A Tale of Two GDPs
Afghanistan Study Group Blogger
Will Keola Thomas
The latest report from the outgoing Special Inspector General for Afghanistan Reconstruction (SIGAR) summarizes the progress made in laying the foundation for long-term and sustainable economic growth in Afghanistan, a key requirement of the U.S. stabilization strategy for the region.
How are things progressing on this front? Gangbusters — if one is considering the World Bank’s prediction of 8.5-9% growth in Afghan GDP for 2010/2011. That puts Afghanistan just behind China (at 10.3%) in global rankings, which is pretty fine company.
How was this accomplished? It helps to start from zero. War-devastated economies similar to Afghanistan’s circa 2001 often experience extremely high rates of growth as even modest economic activity makes the indicators spike upward from the flat-line levels of wartime.
But what really gets the GDP jumping is a massive infusion of cash…like a stimulus program.
Since 2002 the United States has “stimulated” the Afghan economy to the tune of roughly $56 billion in foreign aid. In the coming year alone, the U.S. will spend over $18.7 billion on reconstruction in a country whose government is projected to collect only $1.7 billion in revenues and whose entire (legitimate) economy was valued at under $17 billion in 2010.
To put this in perspective, President Obama’s ever controversial domestic stimulus package amounted to just 5.5% of U.S. GDP and President Roosevelt’s “New Deal” equalled 5.9% of the economy in 1933. In Afghanistan we are flooding the economy with aid equivalent to 110% of the country’s entire GDP every year.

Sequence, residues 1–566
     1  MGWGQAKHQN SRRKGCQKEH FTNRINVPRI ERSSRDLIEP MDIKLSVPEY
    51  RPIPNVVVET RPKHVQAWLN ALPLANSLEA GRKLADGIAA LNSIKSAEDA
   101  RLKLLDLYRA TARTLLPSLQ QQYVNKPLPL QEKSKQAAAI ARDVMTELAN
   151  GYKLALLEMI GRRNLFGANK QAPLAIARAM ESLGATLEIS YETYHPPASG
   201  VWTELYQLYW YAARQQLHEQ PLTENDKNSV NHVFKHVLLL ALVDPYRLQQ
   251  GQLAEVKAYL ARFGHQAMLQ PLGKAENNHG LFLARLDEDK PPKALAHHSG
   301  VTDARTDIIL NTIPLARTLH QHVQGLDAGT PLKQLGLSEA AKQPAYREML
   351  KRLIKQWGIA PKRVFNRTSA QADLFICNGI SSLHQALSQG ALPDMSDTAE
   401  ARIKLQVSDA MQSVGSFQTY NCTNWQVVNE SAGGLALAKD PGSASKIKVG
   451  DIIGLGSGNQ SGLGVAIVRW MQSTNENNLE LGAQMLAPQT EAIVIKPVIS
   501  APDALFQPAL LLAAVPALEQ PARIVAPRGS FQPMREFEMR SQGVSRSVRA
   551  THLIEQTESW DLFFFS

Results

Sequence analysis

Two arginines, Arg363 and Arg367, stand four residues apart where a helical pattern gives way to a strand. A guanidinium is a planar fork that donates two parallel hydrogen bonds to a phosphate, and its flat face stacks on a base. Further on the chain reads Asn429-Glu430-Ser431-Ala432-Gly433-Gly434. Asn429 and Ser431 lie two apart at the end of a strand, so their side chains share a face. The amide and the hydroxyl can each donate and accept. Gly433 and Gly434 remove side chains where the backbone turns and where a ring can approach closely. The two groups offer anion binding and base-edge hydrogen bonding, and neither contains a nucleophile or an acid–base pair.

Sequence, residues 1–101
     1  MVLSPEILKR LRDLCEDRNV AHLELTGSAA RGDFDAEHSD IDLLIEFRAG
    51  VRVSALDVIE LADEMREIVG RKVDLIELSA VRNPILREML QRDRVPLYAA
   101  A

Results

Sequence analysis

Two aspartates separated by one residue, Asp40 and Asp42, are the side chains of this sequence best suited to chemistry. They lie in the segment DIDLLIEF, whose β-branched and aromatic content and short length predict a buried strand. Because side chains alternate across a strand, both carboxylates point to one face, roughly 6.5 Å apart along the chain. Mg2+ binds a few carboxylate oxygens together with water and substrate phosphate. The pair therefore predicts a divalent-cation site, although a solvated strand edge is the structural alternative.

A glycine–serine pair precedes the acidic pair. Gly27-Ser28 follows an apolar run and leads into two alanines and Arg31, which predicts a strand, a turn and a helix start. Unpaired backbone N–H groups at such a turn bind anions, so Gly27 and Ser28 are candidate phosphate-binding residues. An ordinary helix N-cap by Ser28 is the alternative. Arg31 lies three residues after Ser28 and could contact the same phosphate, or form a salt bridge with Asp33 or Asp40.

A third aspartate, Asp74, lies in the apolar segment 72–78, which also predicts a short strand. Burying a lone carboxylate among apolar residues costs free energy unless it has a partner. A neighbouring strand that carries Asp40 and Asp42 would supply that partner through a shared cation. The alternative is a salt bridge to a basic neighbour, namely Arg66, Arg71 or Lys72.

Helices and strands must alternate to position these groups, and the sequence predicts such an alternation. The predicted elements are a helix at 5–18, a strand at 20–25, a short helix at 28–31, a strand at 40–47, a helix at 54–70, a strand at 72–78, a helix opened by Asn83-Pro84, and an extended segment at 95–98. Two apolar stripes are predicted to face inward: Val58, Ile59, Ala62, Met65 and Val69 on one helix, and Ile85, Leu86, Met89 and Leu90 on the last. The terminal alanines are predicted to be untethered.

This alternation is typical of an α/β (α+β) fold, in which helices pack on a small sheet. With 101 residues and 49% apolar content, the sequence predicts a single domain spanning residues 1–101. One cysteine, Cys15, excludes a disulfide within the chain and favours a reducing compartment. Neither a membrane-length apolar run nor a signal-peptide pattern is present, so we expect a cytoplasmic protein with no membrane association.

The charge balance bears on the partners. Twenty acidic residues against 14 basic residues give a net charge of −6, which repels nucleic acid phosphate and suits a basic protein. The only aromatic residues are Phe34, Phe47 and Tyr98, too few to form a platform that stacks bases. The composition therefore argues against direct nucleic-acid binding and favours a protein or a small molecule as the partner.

So the present achievement of 9% growth is neither long-term nor sustainable, because, as the SIGAR report states:
“The chief factor behind this strong level of economic activity…(is) the high demand for goods and services resulting from the security economy and the influx of U.S. and other donor spending.”
In other words, the United States and coalition partners are trying to develop a stable Afghan economy as an essential requirement for ending the war and facilitating the withdrawal of troops, but the presence of those troops and the war they prosecute is the Afghan economy.
However, deflating the war economy by negotiating an end to the conflict won’t harm the economic aspirations of ordinary Afghans. Why? Because the vast majority of Afghans don’t benefit from the war economy anyway. While a small circle of elites and “conflict entrepreneurs” siphon up foreign funding so they can stimulate Dubai’s economy, most Afghans are left no better off. In fact, many fare much worse as they struggle to feed themselves while surrounded by increasing violence and a government more beholden to foreign donors than to its citizenry.
While billions of dollars of U.S. taxpayer money is spent to create the illusion of sustainable 9% growth in Afghanistan, the American economy struggles to maintain a 3% growth rate that has failed to solve the problem of long-term unemployment for millions of Americans and is disproportionately impacting veterans returning from the war. Increasingly, voters from across the political spectrum are connecting the dots between the $120 billion spent yearly on the war in Afghanistan and severe budget cuts at home. Perhaps the raised voices of these voters will help elected officials in Washington make the same connection and realize that some of the biggest budget savings are to be found at the negotiating table in Afghanistan.